In a desperate attempt to make any food more palatable to my 3-year-old connoisseur, I often send her with fun lunches. Due to my inability to plan ahead, this more often than not includes such quick and easy things as cheese or peanut butter and jelly sandwiches cut into shapes with cookie cutters. Her fruits and veggies are carefully separated with silicone cupcake liners shaped like butterflies. And I have a bunch more ideas I plan to break out as the school year unfolds.
There are things I can't make palatable thrown in there too of course. Like edamame, which can send her into hysterics if she notices it's there, or pretzel rods (I keep trying though!). Or sometimes I have to pack an unplanned extra lunch one week and end up throwing together anything and hope she'll eat it.
One day when came to school to pick Ryann up the head teacher said, "I wish someone would pack butterfly sandwiches in my lunch!" To which I said, "Aren't they cool? Ryann picked out the shape" but for some reason inside I cringed. I suddenly became acutely aware that I was one of those working moms who overcompensates for not being home with an adorable lunch. In that moment I didn't feel judged by her teacher, but I felt this weight of the realization that while I felt like I wasn't overcompensating, maybe I was. And even if that wasn't what I was doing, maybe other people saw it that way and was that the way I wanted to be seen?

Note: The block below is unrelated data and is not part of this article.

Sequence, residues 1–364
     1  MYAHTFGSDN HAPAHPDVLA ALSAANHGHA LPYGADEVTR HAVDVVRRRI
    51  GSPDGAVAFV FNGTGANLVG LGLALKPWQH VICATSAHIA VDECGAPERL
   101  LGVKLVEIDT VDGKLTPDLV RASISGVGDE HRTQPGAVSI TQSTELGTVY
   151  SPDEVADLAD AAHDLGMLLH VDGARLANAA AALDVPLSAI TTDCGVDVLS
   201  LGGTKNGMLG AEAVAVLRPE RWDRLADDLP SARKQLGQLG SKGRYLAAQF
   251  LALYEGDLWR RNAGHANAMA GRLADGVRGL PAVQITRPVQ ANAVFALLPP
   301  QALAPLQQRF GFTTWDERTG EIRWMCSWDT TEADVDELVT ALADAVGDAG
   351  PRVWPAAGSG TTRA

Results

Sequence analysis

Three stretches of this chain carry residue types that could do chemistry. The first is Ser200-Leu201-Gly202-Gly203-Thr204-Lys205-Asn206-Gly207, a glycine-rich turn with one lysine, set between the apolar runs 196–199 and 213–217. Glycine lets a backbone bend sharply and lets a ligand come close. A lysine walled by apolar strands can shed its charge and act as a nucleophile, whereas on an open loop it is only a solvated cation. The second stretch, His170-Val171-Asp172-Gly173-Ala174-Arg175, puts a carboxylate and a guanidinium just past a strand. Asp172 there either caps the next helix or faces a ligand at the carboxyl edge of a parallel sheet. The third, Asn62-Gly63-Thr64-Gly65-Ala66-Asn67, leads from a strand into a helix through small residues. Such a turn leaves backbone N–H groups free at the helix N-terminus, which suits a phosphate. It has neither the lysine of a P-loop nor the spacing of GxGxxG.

Then I read this lovely post about showing your kids you love them over at Simple Kids that put me back in the proper perspective. One of the many ways Kara listed to show your child you love them (rather than just saying it over and over) was to write notes in their lunch box. I realized that as the mom of a pre-reader, my love note WAS the lunch. A lunch packed with care means so much more than just lunch. Of course Ryann's teacher was just expressing how good it feels to have someone pack you something you will enjoy, just for you. Apparently Ryann showed everyone in the classroom her butterfly pb&j that day. It meant a lot to her. And it means a lot to me to be able to make her day special.